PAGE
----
Getting High Speed Broadband to Rural America

It’s easy for folks living in urban and suburban areas to take their high-speed internet access for granted, but for the millions of Americans living in small towns and rural communities, the snail’s pace of dial-up access is the only option. While they wait for files to download and miss out on key features of the internet age, economic growth slows and all of us suffer.

That’s where Daniel Bosley comes in. Bosley recently became the special adviser for economic development to incoming Massachusetts Governor Deval Patrick, and he understands the importance of getting high speed internet to all the nooks and crannies of rural America. Last year Bosley ushered an economic stimulus package through the state Legislature that created a broadband director charged with expanding high speed access statewide, signaling an understanding that this issue is about more than just convenience.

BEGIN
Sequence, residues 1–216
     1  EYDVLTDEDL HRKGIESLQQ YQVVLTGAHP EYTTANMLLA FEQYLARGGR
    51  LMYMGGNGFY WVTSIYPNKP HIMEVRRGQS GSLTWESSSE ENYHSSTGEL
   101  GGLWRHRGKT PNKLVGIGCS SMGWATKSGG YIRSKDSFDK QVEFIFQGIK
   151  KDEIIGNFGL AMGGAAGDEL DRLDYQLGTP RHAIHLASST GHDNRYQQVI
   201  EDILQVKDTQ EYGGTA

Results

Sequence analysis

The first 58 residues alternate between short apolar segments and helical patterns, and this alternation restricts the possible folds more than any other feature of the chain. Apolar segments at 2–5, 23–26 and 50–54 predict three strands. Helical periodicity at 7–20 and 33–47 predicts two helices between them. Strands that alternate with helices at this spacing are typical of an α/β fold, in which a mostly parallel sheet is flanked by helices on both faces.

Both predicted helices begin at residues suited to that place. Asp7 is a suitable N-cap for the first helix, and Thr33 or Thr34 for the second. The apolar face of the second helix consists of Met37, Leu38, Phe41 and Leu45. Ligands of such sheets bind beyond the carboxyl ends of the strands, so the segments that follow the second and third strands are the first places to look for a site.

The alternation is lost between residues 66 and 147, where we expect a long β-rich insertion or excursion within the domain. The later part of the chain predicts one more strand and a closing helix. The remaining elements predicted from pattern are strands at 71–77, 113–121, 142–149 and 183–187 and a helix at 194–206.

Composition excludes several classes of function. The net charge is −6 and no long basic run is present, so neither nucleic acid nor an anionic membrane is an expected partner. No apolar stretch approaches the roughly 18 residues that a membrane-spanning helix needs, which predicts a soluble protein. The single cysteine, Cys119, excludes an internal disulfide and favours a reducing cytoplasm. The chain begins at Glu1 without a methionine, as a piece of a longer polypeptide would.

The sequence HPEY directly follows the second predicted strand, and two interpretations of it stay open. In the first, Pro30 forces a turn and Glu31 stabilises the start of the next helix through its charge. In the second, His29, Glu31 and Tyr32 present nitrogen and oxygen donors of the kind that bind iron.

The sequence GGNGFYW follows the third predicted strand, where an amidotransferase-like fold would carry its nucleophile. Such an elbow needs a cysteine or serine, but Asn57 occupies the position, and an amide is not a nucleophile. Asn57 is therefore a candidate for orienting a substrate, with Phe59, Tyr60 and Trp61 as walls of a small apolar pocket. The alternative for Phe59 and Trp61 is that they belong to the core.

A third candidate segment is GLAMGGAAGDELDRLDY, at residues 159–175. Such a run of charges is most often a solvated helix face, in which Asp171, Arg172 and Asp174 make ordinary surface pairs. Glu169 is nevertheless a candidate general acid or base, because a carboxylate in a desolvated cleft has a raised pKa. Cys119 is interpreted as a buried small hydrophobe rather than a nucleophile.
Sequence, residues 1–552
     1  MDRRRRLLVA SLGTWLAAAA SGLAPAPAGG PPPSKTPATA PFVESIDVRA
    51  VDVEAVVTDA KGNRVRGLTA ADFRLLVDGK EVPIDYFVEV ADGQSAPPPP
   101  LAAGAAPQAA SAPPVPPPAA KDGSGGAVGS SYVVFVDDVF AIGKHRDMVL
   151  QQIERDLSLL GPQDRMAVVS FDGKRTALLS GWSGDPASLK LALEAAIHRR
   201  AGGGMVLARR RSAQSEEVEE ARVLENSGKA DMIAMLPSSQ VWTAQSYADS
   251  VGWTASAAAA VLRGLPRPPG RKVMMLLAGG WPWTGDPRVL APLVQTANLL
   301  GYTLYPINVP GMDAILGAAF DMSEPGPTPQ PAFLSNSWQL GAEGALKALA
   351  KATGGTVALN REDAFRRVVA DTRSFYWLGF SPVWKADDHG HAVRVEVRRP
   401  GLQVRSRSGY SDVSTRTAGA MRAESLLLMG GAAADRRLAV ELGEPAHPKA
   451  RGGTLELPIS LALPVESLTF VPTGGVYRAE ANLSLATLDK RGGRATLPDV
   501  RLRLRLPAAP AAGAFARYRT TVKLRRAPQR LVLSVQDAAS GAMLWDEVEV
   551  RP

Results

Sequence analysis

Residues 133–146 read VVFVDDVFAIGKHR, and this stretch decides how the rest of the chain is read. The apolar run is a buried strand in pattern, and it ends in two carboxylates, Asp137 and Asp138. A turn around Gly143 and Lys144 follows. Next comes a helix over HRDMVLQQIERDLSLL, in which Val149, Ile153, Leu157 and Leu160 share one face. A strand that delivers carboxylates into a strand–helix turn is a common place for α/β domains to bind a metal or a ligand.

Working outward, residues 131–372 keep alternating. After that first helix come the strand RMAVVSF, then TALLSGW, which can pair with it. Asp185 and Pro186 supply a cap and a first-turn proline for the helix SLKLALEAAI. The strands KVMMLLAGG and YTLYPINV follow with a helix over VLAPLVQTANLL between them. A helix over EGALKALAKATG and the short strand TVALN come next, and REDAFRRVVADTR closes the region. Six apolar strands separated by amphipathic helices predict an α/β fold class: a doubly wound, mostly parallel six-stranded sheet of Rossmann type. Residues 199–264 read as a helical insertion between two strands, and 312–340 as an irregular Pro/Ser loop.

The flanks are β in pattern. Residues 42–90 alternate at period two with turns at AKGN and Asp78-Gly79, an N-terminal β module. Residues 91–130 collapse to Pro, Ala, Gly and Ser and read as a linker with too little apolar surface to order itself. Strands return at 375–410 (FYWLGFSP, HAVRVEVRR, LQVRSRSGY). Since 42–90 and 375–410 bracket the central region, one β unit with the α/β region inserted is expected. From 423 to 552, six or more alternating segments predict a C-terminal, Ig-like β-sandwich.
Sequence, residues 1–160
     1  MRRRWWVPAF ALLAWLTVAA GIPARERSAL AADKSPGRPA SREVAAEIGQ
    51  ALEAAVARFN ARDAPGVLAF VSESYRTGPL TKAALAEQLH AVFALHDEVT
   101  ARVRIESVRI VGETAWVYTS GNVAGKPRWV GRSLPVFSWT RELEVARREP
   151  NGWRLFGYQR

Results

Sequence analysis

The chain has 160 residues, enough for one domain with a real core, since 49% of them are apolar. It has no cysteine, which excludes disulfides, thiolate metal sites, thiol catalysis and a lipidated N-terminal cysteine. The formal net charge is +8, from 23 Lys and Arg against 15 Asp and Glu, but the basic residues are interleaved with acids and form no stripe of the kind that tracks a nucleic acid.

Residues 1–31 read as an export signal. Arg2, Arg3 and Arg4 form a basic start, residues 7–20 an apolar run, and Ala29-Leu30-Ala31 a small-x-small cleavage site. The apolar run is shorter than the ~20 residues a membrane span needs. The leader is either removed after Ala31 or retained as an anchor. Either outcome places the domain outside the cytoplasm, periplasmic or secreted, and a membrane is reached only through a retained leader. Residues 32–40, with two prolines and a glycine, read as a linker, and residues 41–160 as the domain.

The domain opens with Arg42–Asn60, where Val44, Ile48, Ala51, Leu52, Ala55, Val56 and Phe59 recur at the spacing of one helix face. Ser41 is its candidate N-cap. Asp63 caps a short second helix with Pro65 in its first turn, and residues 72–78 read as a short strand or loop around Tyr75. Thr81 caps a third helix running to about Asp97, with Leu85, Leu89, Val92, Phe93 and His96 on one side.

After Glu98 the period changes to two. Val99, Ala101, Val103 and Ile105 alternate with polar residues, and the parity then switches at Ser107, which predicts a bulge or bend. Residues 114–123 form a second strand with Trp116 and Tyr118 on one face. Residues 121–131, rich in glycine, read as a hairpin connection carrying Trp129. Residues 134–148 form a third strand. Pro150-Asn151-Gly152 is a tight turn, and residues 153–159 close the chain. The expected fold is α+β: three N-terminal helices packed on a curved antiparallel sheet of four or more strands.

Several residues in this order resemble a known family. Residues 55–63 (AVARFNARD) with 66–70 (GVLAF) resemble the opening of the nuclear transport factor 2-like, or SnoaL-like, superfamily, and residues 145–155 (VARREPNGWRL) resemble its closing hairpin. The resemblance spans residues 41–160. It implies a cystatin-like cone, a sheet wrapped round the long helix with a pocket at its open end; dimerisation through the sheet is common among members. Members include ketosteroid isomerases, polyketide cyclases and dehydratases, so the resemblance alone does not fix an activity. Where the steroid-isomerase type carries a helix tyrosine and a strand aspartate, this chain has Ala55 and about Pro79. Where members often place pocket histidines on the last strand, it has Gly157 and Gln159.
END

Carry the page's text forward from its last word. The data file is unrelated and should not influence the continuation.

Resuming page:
And Bosley’s not the only one:

Benjamin B. Downing, D-Pittsfield, who will be sworn in to the state Senate tomorrow, championed improved broadband service on the campaign trail. He called it an essential tool for economic development and vital to the creative economy that has become the Berkshires’ financial core.

“From Pittsfield to Plainfield, from North Adams to Sandisfield, people have issues with the speed of their connection,” Downing said in a recent interview. “It keeps us from moving our economic development forward, and it doesn’t allow us to bring in jobs and employers.”

Both of these officials realize it’s an expensive project, and that it’ll require a good deal of cooperation between the public and private sectors. But it’s important enough that they’re willing to do the grunt work to make this happen. And so should all of us.

 Speedy Web Vital in Massachusetts Small Towns (from the Berkshire Eagle, via